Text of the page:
Baby From Baby Driver
Ansel Elgort is on a roll … again. In the same week that his star turn in Baby Driver hits theaters, Deadline reports that the actor has just been cast in an iconic role that could make or break his career: Elgort will portray John F. Kennedy.
Mayday 109 is about a 26-year-old Kennedy’s heroic actions as a Navy captain of a patrol torpedo boat in the South Pacific during World War II. According to Entertainment Weekly, the movie will show how Kennedy helped lead 10 of his 12 crew members to safety after their boat was split in half by a Japanese attack. For some of us, Elgort has been the perfect everything since before we knew how to pronounce his name; i.e., back in 2013, when it was announced that he’d be starring in both Divergent and The Fault in Our Stars. Good news seems to come in twos for this guy!
Elgort’s latest, Baby Driver, in which he plays a reluctant but super-talented getaway driver with tinnitus, has been getting some of the best reviews of the summer. Currently, it has a 98% Rotten Tomatoes rating, down just a touch from its 100% score last month. Advance buzz for this one put him on the map for anyone who turns their nose up at young adult novel adaptations.
Here’s a piece on Baby Driver from Uproxx.com:
When Baby Driver debuted last Wednesday, the $34 million heist movie was enjoying good reviews in keeping with the reputation of its widely respected, and cultishly adored, director Edgar Wright. But it couldn’t possibly do more than $20 million by the end of the weekend, according to rival studios. Even Sony seemed to expect a base hit instead of a home run. Instead, Baby Driver has currently cleared $34 million.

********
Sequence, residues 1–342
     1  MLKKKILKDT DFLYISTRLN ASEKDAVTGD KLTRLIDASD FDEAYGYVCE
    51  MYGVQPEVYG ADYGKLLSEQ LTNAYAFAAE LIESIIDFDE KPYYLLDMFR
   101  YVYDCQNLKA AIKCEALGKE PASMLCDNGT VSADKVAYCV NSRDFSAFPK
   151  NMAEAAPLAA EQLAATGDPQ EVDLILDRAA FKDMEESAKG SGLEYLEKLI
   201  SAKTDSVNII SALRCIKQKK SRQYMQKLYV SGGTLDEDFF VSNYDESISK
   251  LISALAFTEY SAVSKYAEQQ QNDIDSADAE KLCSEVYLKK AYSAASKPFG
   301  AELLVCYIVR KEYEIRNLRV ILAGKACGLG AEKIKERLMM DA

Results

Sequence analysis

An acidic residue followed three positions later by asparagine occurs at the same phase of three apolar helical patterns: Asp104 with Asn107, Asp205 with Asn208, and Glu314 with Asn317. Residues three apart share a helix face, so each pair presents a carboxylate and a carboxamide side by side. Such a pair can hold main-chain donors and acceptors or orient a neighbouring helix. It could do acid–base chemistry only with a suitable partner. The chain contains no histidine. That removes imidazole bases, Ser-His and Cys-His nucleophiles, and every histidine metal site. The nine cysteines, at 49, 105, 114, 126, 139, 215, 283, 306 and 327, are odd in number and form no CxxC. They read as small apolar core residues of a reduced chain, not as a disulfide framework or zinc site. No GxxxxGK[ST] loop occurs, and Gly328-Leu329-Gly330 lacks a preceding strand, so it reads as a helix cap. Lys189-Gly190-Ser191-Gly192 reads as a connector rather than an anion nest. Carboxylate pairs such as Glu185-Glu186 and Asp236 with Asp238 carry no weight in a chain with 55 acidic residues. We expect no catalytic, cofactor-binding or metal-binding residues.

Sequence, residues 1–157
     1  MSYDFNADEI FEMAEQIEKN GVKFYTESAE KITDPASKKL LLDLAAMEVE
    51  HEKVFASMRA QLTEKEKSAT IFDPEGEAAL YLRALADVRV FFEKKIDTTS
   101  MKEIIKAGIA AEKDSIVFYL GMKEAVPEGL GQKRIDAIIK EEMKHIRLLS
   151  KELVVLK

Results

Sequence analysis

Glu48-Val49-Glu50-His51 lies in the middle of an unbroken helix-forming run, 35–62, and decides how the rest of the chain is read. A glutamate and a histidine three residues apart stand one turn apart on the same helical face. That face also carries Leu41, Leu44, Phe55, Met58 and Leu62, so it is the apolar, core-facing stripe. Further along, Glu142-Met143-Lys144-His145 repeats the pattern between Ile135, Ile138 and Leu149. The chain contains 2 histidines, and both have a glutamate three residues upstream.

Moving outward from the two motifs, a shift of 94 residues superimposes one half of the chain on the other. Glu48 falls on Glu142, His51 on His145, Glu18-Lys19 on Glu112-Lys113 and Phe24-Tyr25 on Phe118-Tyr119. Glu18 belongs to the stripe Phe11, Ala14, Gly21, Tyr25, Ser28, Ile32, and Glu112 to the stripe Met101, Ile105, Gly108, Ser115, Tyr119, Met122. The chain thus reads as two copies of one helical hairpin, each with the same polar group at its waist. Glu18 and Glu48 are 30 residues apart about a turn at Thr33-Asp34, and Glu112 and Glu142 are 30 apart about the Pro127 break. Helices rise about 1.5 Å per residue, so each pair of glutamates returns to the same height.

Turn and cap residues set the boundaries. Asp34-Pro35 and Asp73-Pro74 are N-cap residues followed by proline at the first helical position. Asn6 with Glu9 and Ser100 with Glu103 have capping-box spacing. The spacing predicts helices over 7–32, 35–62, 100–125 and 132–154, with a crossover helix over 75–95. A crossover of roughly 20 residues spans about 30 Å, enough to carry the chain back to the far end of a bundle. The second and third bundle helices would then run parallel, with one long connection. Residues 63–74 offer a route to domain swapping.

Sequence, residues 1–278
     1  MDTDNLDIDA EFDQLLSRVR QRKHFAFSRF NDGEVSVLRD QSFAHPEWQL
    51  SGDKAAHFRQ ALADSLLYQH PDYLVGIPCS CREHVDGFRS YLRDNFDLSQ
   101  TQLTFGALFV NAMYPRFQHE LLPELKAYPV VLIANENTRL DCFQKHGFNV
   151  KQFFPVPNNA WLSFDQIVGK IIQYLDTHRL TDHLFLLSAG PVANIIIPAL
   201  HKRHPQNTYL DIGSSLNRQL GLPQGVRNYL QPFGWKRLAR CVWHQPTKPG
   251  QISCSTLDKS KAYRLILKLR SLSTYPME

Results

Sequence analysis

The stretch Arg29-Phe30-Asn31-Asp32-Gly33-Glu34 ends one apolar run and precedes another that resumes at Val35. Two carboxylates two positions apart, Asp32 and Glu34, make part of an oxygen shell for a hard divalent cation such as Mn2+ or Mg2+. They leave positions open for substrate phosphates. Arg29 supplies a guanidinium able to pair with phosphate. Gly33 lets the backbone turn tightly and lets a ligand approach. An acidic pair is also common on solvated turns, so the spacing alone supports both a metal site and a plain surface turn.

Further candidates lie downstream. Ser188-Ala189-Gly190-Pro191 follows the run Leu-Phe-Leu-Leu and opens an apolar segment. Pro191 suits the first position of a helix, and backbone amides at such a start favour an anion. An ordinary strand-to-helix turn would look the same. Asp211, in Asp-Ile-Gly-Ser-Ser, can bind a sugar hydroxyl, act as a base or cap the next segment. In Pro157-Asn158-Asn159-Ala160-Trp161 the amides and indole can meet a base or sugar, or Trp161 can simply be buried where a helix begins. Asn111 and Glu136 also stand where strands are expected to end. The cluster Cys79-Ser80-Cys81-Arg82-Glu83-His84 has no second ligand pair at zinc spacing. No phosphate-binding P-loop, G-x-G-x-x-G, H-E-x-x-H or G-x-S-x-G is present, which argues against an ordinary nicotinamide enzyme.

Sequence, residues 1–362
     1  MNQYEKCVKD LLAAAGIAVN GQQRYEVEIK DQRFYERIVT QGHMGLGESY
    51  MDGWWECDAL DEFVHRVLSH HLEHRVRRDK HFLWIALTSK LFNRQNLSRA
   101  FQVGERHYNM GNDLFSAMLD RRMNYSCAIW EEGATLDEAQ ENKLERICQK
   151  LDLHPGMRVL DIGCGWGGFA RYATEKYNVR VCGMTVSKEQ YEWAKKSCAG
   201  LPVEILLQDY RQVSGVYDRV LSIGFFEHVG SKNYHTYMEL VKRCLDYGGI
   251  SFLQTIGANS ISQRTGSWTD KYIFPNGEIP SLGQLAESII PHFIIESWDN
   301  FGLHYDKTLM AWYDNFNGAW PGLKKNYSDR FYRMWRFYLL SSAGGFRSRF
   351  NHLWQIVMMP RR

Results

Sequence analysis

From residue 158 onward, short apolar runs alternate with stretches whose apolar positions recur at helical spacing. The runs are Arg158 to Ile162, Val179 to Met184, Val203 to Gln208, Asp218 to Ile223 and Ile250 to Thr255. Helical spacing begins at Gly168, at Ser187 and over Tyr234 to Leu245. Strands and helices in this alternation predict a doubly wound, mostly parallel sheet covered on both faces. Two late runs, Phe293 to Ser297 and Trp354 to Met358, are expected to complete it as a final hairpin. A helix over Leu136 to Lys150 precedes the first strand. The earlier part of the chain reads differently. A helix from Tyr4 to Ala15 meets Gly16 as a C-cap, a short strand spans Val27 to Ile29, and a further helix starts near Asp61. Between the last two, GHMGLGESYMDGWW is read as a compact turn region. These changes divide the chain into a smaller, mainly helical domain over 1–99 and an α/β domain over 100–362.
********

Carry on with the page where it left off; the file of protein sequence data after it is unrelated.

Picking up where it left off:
This number is surprising for several reasons, including the fact that it allowed Baby Driver to outgross Transformers: The Last Knight in its second week of release. That audiences were tiring of the franchise, at least in America, was obvious; the last entry made $100 million in a weekend in the US, but only $243 million total. But it took the fifth entry more than a week to stagger across $100 million, and $200 million seems a remote possibility at best. Worse, foreign audiences seem sick of the robots too.
According to Hollywood’s current conventional wisdom, this shouldn’t have happened. Audiences, it’s assumed, love sequels and original ideas just won’t sell. Films matching the latter description – especially ones that cost under $100 million even if they’re headlined by big stars – are often destined for Netflix premieres, the fate of movies like the Brad Pitt-starring War Machine and the forthcoming Bright, led by Will Smith. Hollywood calls these “mid-budget” movies – films made by studios at a cost too great for an indie but considerably less than a blockbuster – and they’re harder to make and market now than ever. In the past, many mid-range movies were made profitable by DVD and Blu-ray, but as home video revenue has shifted from selling each customer a $20 Blu-Ray to getting a tiny sliver of the $10 a month consumers pay to Netflix, Hollywood’s model has shifted to making money globally, and mid-budget movies are seen as less profitable and harder to sell.